Are you planning to use PythonAnywhere to follow along with this book? Here’s a few notes on how to get things working, specifically with regards to Selenium/Firefox tests, running the test server, and screenshots.
If you haven’t already, you’ll need to sign up for a PythonAnywhere account. A free one should be fine.
The next thing is that PythonAnywhere is a console-only environment, so it doesn’t have a display in which to pop up Firefox. But we can use a virtual display.
But when you try and run it (in a Bash console), you’ll get an error:
$ python3 functional_tests.py Traceback (most recent call last): File "tests.py", line 3, in <module> browser = webdriver.Firefox() File "/usr/local/lib/python3.3/site-packages/selenium/webdriver/firefox/webdrive self.binary, timeout), File "/usr/local/lib/python3.3/site-packages/selenium/webdriver/firefox/extensio self.binary.launch_browser(self.profile) File "/usr/local/lib/python3.3/site-packages/selenium/webdriver/firefox/firefox_ self._wait_until_connectable() File "/usr/local/lib/python3.3/site-packages/selenium/webdriver/firefox/firefox_ self._get_firefox_output()) selenium.common.exceptions.WebDriverException: Message: 'The browser appears to have exited before we could connect. The output was: Error: no display specified\n'
If, instead, you see "
ImportError, no module named selenium“, do a
pip3 install --user selenium.
xvfb-run will run the next command in Xvfb. Using that will give
us our expected failure:
$ xvfb-run python3 functional_tests.py Traceback (most recent call last): File "tests.py", line 11, in <module> assert 'Django' in browser.title AssertionError
Shortly after that, we set up Django. Rather than using the
django-admin.py startproject command, I recommend you use the PythonAnywhere
quick-start option in the Web tab. Add a new web app, choose Django,
Python 3, and then use superlists as the project name.
Then, instead of running the test server from a console on
you can use the real URL of your PythonAnywhere web app:
You’ll need to remember to hit “Reload Web App” whenever you make changes to the code, to update the site.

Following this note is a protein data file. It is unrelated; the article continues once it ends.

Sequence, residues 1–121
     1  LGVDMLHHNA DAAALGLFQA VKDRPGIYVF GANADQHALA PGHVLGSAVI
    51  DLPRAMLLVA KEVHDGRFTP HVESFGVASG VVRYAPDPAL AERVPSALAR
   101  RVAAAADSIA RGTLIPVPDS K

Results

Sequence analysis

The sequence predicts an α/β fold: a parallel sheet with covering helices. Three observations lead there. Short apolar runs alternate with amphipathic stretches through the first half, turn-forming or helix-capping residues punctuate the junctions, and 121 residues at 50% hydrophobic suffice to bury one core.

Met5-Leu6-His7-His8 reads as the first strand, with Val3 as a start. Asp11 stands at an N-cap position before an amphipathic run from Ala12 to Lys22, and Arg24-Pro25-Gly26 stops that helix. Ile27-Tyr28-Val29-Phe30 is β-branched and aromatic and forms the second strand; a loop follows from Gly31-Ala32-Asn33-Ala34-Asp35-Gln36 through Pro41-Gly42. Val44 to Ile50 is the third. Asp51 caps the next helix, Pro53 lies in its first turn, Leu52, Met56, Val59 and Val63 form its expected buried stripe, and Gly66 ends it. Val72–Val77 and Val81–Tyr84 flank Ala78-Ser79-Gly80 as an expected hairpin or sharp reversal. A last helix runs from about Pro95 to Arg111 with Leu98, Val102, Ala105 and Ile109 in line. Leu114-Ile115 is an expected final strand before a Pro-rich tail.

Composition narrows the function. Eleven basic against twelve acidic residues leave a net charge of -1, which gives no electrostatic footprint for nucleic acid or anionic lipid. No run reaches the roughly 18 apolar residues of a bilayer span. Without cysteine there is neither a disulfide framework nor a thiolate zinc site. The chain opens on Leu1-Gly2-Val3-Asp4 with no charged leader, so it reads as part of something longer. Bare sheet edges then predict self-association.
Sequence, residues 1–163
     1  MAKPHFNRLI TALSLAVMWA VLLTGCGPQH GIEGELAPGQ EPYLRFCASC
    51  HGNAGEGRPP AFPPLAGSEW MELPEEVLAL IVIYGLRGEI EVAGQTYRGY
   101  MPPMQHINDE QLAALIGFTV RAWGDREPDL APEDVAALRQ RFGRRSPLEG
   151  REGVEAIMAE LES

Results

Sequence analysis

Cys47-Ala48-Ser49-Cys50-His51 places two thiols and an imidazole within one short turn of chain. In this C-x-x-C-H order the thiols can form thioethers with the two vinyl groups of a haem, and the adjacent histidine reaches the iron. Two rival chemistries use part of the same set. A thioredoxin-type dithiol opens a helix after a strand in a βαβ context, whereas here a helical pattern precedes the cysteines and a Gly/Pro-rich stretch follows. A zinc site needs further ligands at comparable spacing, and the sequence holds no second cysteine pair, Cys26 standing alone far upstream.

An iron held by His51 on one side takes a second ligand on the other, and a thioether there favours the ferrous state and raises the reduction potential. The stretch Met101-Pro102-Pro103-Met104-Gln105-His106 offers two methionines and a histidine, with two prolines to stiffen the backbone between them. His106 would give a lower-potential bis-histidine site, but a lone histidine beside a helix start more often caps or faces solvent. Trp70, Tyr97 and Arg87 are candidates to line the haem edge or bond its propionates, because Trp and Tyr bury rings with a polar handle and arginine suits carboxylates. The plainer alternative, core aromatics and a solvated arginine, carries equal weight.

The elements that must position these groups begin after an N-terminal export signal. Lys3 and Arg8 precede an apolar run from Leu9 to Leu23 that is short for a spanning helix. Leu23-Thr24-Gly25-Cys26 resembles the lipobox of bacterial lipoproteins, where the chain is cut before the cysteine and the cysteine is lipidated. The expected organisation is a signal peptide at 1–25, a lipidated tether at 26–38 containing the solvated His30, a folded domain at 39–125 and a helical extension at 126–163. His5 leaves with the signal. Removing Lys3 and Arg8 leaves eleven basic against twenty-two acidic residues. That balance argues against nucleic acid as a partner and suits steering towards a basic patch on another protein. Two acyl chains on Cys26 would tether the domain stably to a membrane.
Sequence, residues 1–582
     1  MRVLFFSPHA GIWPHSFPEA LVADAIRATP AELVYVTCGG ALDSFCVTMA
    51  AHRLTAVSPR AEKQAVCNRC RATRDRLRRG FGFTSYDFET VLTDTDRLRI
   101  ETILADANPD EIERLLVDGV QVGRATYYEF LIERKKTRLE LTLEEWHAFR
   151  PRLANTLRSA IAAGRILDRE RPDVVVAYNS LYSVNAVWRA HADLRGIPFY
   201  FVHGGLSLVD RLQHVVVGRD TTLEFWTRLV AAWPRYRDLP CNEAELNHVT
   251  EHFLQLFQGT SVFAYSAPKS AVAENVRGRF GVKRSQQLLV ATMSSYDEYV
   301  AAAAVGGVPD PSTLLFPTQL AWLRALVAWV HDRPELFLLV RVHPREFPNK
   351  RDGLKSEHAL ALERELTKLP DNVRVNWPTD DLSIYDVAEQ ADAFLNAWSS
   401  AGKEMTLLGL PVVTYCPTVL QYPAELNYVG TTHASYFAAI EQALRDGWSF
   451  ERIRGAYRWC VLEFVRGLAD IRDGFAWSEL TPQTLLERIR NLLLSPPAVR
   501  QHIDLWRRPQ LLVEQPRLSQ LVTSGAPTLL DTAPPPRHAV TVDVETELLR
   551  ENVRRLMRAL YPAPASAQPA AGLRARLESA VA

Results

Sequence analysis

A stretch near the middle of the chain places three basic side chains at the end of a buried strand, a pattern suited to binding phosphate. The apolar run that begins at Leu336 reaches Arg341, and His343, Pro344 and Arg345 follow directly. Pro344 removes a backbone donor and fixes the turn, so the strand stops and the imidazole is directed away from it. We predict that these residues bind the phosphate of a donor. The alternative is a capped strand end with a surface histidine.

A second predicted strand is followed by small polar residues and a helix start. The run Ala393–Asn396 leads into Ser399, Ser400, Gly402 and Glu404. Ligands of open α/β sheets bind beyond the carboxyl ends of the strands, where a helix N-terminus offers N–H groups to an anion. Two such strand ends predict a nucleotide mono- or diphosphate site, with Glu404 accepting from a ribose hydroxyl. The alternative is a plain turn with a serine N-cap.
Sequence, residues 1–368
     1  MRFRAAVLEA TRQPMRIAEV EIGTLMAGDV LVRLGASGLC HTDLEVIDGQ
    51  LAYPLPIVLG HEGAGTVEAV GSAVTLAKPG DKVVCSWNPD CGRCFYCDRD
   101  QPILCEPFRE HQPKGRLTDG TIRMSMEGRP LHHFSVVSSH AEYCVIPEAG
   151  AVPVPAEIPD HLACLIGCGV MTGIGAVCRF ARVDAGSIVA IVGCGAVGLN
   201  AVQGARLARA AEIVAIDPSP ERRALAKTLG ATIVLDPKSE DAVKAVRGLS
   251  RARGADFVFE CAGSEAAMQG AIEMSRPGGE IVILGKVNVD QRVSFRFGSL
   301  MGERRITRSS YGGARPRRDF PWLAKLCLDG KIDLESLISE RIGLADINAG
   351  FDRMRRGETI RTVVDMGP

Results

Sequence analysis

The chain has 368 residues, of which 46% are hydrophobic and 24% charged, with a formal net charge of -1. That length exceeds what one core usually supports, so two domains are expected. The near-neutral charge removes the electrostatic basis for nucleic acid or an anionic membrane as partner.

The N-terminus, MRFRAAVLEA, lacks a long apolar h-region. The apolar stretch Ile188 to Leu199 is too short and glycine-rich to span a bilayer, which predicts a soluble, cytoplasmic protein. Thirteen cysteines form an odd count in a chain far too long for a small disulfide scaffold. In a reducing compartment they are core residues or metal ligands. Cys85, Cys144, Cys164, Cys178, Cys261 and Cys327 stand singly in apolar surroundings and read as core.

That should work better.
Selenium and Xvfb tend to leave a lot of junk lying around in /tmp,
especially when they’re not shut down tidily (that’s why I included
In fact they leave so much stuff lying around that they might max out your storage quota. So do a tidy-up in /tmp every so often:
$ rm -rf /tmp/*
In Chapter 5, I suggest using a
time.sleep to pause the FT as
it runs, so that we can see what the Selenium browser is showing on screen. We
can’t do that on PythonAnywhere, because the browser runs in a virtual display.
Instead, you can inspect the live site, or you could “take my word for it”
regarding what you should see.
The best way of doing visual inspections of tests that run in a virtual display is to use screenshots. Take a look at Chapter 20 if you’re curious—there’s some example code in there.
When you hit Chapter 8, you’ll have the choice of continuing to use PythonAnywhere, or of learning how to build a “real” server. I recommend the latter, because you’ll get the most out of it.
If you really want to stick with PythonAnywhere, one option would be deploy
a second copy of your app on a different domain. You’ll need your own domain
name, and a paid account on PythonAnywhere. But even if you don’t do that,
you should still make sure you can run the FTs in “staging” mode against the
real site, rather than using the threaded server from
If you are using PythonAnywhere to follow through with the book, I’d love to hear how you get on! Do send me an email at email@example.com.
 You could run the Django dev server from a console instead, but the problem is that PythonAnywhere consoles don’t always run on the same server, so there’s no guarantee that the console you’re running your tests in is the same as the one you’re running the server in. Plus, when it’s running in the console, there’s no easy way of visually inspecting how the site looks.